I’m not good at forgiving. It’s always been one of the worst aspects of my character, and now that I am old, there’s no chance it’s going to get better. I won’t have a warm retrospective feeling about Margaret Thatcher. I don’t see Reagan or Nixon in a new perspective with the passage of time. And I still loathe my wicked stepmother. This last is what needs acknowledging, because as I read Mary Whitehouse’s letters, everything about her, except the trim tailoring, reminded me of my wicked stepmother.[*] There was the same quivering, tight-lipped prissiness, the untroubled moral righteousness, a desire for the respectable and normal so powerful that when she realised my mother would never ‘give’ my father (with whom she lived during his last decade) a divorce, she changed her name by deed poll as the least excruciating option. A great deal of my time and mind at the ages of 13 and 14 was taken up with hating her, and the loathing was, as she wrote to me later, understandably reciprocated. Discovering negations of everything she found proper and good became almost my sole preoccupation; luckily, that included reading books of any kind, but especially ‘grown-up’ ones, as well as smoking, wearing outsize men’s jumpers, hanging out in cafés, supporting CND and getting expelled from school. It’s true that as a woman of mature years I can now see her unenviable situation: an ordinary provincial English housewife in love with an ageing ‘cosmopolitan’ Lothario with whom she had nothing in common, except their equal desire for his material comfort in his later years, and in loco parentis to a furious, fucked-up teenager who despised everything she and her chip-off-the-old-block, conformist, Cliff-Richard-adoring teenage daughter smugly stood for. I do see how awful it was for her, but I hate her, still and nevertheless.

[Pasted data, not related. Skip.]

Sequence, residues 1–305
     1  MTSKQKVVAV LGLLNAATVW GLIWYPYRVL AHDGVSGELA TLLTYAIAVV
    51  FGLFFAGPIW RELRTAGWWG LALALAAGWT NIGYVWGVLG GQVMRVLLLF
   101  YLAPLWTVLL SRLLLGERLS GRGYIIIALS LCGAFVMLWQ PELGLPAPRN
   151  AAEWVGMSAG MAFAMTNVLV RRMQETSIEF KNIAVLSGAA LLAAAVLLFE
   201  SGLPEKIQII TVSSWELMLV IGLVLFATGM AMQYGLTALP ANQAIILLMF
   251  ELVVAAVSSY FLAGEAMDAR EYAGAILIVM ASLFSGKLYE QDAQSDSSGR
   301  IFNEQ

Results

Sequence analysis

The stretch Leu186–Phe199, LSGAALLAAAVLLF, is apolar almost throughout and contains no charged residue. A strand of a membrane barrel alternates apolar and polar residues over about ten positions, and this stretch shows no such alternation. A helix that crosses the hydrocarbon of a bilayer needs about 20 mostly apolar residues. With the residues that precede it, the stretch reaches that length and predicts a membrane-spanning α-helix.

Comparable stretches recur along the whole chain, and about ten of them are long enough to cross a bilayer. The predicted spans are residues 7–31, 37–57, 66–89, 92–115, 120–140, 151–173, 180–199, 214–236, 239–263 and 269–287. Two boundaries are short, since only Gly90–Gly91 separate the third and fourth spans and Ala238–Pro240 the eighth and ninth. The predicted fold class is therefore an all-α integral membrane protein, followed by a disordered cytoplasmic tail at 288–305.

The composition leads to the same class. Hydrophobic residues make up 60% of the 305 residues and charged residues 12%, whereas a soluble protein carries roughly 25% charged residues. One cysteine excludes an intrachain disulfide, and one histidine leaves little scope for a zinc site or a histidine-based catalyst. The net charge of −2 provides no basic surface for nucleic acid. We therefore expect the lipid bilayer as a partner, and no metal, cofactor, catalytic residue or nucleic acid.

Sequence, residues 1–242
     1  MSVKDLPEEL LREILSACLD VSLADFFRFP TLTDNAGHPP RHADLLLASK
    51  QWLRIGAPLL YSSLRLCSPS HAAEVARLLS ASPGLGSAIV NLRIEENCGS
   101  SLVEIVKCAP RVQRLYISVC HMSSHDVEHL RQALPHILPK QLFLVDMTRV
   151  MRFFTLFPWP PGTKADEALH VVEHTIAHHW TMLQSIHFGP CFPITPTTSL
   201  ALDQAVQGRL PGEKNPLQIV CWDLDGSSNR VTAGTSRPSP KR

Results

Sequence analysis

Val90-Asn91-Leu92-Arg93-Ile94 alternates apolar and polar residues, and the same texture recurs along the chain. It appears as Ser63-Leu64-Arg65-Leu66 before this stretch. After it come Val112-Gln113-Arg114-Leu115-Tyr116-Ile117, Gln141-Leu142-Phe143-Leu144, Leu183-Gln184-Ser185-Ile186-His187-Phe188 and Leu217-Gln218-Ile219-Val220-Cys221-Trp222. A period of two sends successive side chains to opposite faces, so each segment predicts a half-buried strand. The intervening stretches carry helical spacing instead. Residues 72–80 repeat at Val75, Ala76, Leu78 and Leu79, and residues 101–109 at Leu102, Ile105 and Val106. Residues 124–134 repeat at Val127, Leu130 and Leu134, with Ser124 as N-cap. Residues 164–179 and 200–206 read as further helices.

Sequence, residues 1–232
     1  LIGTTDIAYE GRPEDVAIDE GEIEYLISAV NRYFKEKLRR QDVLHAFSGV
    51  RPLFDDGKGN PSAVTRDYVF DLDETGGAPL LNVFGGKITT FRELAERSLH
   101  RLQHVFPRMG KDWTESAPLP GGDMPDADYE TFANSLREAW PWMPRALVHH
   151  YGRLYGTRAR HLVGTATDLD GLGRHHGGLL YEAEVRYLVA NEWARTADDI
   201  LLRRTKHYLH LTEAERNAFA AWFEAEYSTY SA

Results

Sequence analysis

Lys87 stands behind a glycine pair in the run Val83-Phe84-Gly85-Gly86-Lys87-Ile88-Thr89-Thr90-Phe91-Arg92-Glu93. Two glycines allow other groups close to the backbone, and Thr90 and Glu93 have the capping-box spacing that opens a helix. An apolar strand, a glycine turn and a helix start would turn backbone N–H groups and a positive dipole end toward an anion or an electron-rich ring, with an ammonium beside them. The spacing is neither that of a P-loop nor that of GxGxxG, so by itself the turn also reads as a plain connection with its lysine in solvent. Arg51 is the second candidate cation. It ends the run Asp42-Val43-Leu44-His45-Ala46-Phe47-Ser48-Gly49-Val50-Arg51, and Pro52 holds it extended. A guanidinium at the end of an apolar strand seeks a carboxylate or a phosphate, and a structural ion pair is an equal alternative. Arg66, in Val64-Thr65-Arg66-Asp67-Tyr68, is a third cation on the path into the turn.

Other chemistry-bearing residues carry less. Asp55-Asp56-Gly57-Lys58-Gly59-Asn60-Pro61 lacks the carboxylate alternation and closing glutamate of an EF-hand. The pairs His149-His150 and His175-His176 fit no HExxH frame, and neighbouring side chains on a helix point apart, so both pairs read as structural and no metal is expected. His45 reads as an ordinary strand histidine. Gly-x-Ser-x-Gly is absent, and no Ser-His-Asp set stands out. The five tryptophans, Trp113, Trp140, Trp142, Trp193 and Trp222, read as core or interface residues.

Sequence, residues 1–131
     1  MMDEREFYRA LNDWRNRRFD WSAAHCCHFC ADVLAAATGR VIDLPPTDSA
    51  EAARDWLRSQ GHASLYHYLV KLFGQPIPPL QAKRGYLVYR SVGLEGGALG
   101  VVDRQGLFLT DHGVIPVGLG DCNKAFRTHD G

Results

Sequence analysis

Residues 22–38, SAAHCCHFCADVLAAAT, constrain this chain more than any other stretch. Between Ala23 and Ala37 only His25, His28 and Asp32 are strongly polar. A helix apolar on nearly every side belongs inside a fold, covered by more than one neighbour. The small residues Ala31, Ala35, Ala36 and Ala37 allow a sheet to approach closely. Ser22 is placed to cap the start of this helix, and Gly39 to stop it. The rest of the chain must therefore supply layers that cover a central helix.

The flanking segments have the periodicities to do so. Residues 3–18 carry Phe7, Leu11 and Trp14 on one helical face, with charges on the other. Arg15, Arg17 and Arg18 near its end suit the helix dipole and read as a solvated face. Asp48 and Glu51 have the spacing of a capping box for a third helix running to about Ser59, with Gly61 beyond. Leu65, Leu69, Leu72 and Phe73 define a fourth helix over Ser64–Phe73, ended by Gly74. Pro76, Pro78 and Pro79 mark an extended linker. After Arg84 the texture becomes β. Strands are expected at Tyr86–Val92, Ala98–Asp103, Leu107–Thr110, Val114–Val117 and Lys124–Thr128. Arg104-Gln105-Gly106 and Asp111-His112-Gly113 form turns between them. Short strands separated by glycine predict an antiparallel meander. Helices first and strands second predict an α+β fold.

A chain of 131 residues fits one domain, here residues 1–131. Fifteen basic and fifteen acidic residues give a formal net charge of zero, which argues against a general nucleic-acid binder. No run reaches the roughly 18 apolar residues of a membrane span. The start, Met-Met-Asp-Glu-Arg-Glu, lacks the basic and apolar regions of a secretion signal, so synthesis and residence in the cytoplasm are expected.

She was more or less out of my life by 1962, but the ‘ordinary provincial English housewife’ pattern, which I hadn’t come across before in my London Jewish world, was lodged in my mind, and she rose up, it seemed, almost instantly in the form of Mary Whitehouse, complaining loudly in her deputy headmistress tones about the pornographic lyrics to the Beatles’ second hit, ‘Please Please Me’. (What she made of Cole Porter’s 1934 ‘You’re the Top’ isn’t on record.) When she wrote in the brochure of the Clean Up TV Campaign that she spoke for ‘the ordinary women of Britain’ and ‘ordinary housewives’, I knew exactly what and who she meant. They were the ones, like the WSM, who never thought to doubt that everything they knew and thought was right and good and normal, that whatever they did not know or had not heard of was subversive and dangerous, and who had moral rectitude stamped, like Blackpool rock, through their unbending spines from coccyx to brain stem. Whitehouse came, rather covertly given its prewar extreme right-wing reputation, from the Moral Rearmament movement, and set about creating a rallying point for anyone who feared that a liberalisation of sexual attitudes, modern art, communism, free-thinking and non-conformity (in spite of Ernest, her husband, being a Methodist) were all part of a conspiracy on the part of diabolical forces to destroy the fibre of the nation. Her sworn enemies were broadcasters (the BBC above all), contemporary playwrights, ‘pornographers’ (publishers of all kinds, including pornographers), rock musicians, atheists and the bishops of Woolwich and Southwark. With an eventual 500,000 supporters behind her, she wrote, litigated and spoke tirelessly to suppress whatever my wicked stepmother might have found offensive.